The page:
The content of this book is top notch. Unfortunately, though, the book is published on heavy-duty water-resistant paper making it far too massive to wish to carry on the trail. [email protected]#$%! they had gone the opposite direction with lightweight paper one could simply shop in a ziplock bag in one's backpack.
I carried this for the the first eight segments I hiked late this summer. Very useful. Water information was good. Occasionally there are extra water sources not mentioned in the book but usually in locations that already have so much water, it’s kinda pointless to mention ALL of them. Only poor tip it gave is when it said there was camping above tree line before Kokomo pass. There’s not. I’d recommend using this along with the Guthooks app. (Guthooks will have latest comments from hikers to supplement.)Not sure the additional waterproof paper is worth the additional ounces but I never knew the difference since this is what I carried.
An essential tool for taking on segments or thru hiking the Colorado TrailOr if you just wish to follow along as someone does it and you’ll have a better idea of what is being encounteredAnd for family/friends to support with resupply locations
Yes, he slacked packed few sections of the trail: BUT HE HIKED IT. . . and Jim Rahtz is quite right when he states the old backpacker's mantra: "Hike your own hike". I did have fun reading this book exactly for the same reasons that others disliked it: it is short, written in easy English, without poetic ramblings that disguise a miserable rainy and cold day. It is an honest and humble acc of the joys and trials of hiking a long distance trail. And the most joyous of all the achievements is that he did it in his own terms. I learned about gear choices, mileage and resupply points, --which is info that I will apply to my own Colorado Trail this summer 2016. Congratulationsn to Jim Rahtz.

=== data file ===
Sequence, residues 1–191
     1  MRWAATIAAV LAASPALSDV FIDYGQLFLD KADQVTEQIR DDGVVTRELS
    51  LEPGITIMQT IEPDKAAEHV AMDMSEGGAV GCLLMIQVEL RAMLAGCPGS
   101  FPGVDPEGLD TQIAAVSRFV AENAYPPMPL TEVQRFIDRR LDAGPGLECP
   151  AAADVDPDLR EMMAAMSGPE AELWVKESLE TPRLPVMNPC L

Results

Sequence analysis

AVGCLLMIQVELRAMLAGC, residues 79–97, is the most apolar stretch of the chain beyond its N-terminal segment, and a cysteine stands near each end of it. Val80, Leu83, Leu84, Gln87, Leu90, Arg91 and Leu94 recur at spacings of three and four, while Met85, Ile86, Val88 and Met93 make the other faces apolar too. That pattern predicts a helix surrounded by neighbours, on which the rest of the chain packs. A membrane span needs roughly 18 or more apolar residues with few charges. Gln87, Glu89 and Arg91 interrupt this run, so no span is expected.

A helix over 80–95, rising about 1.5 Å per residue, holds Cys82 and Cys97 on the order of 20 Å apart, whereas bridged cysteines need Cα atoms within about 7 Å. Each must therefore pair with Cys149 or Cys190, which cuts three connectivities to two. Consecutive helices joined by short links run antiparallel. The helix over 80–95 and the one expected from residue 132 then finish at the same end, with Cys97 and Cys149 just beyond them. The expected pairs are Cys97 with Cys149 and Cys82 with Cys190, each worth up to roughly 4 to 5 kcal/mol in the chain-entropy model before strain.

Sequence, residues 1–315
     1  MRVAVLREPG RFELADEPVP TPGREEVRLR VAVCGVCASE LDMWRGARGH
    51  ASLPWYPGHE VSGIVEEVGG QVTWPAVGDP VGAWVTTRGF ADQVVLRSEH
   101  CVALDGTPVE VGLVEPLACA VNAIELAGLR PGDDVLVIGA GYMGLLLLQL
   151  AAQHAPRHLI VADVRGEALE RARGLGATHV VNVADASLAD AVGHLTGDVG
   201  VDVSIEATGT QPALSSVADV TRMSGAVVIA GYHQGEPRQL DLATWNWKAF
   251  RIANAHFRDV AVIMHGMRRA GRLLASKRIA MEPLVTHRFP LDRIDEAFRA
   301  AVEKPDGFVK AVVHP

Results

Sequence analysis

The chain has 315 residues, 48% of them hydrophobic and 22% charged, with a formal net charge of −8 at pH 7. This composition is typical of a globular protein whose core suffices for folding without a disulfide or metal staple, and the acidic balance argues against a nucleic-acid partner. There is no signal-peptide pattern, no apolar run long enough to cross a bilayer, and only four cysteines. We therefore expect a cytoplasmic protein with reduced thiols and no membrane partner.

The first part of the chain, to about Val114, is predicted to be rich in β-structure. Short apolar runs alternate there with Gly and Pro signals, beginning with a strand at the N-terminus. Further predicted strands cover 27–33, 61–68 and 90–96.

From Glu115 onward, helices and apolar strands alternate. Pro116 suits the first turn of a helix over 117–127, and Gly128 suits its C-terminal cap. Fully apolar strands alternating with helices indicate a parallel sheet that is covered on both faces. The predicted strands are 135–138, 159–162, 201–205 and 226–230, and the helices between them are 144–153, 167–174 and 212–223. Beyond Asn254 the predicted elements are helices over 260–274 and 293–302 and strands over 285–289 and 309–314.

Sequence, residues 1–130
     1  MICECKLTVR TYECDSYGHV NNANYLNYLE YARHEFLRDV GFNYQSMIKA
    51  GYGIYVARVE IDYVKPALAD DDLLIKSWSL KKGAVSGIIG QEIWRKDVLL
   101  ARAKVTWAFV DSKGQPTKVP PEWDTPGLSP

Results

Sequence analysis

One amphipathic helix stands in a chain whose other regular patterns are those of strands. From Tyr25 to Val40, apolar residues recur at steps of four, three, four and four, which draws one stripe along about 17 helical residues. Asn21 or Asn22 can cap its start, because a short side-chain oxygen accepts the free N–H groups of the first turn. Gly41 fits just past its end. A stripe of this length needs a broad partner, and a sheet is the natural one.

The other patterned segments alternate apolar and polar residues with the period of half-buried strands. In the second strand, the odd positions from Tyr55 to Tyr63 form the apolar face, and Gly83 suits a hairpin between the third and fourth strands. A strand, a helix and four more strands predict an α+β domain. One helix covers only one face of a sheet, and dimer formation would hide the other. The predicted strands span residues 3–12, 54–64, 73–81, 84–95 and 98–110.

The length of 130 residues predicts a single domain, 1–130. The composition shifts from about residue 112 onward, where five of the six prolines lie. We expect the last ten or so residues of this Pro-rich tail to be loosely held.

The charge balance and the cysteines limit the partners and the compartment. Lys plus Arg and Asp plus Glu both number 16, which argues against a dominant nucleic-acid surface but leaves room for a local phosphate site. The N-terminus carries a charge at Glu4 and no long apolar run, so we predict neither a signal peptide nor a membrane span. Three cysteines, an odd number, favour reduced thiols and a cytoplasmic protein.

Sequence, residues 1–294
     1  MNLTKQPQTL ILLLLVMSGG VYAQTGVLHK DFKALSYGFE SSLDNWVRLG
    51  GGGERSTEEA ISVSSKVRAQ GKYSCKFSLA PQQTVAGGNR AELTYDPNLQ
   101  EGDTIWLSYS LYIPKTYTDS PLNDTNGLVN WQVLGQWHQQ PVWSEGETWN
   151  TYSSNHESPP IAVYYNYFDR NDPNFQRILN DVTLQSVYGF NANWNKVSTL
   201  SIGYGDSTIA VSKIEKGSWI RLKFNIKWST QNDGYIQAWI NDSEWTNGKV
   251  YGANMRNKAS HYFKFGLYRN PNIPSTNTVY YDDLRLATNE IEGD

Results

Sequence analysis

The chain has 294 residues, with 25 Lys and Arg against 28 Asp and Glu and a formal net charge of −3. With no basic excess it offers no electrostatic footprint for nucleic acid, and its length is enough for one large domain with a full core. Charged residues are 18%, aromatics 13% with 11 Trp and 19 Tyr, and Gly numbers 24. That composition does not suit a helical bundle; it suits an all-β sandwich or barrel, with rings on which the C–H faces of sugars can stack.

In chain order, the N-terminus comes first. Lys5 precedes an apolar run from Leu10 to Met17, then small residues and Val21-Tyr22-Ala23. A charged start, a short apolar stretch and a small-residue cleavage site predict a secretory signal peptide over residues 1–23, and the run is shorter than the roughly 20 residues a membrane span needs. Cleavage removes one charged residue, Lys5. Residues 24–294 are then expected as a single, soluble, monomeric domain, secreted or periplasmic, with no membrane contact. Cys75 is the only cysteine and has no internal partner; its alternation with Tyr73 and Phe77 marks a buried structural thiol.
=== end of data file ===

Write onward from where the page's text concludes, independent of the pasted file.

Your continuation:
Jim Rahtz is an embarrassment to through hikers. He starts off walking the trail without a backpack having his brother pick him up after each section. Then he finds the easiest, laziest method to hike a section by having his brother take him to the highest point of the trail and hiking backwards. Jim is very amazing at complaining about how hard the trail is. He captivates the typical lazy American with the educational writing ability of a second n't waste your time buying this book.
I really enjoyed this book, especially the author's self-deprecating sense of humor. Unlike the other reviewer who didn't seem to like the book, I am not a purist and have fun my time outdoors where I can reflect and appreciate what nature has to the author mentions - hike your own hike. I recommend this book as a amazing read.
I completely enjoyed spending an afternoon of amazing armchair hiking along the Colorado Trail with a guy who didn't take himself too seriously. I enjoyed the hints I can share with my husband who hikes. The days were enjoyable along the trail. Jim's easy language, down to earth. His not stumbling through the almost impossible task of describing "breathtaking" views in writing to anyone was a blessing that allowed me to do my own visualizing. Thank you Jim for a unbelievable day of armchair adventure hiking my own hike.
This is an entertaining and informative book. Rahtz's narrative of his journey is done with a clear eye for detail as well as a sense of humor. The pictures are worth the and the information on equipment and preparation are a must read for any hikers contemplating the Colorado Trail.I'm looking forward to reading about the next journey!!
I hesitate to write a review for this book as I know my easy Indiana girl words will not do justice to the lovely, poetic, and smart words of the Author Adam Lisonbee in Durango to Denver: A Thru-race of the Colorado Trail. Lisonbee takes us through his desire to attempt something so far out of his comfort zone, the planning, the execution and the finale of his Colorado Trail Race journey. I have read other writings of Lisonbee at so I knew I would be in for a treat with his lovely prose about nature and his experience with the race so I did not falter to this sonbee did not disappoint. He left me wishing I could have the fortitude to attempt such an awesome feat. Anyone who has participated in an endurance happening knows those moments of so much pain and self doubt that you wish it all to end right NOW. Adam experiences this a lot of times over a week and it is so entertaining to hear the various situations and people that hold him going just one more mile, one more switchback and one more pedal stroke.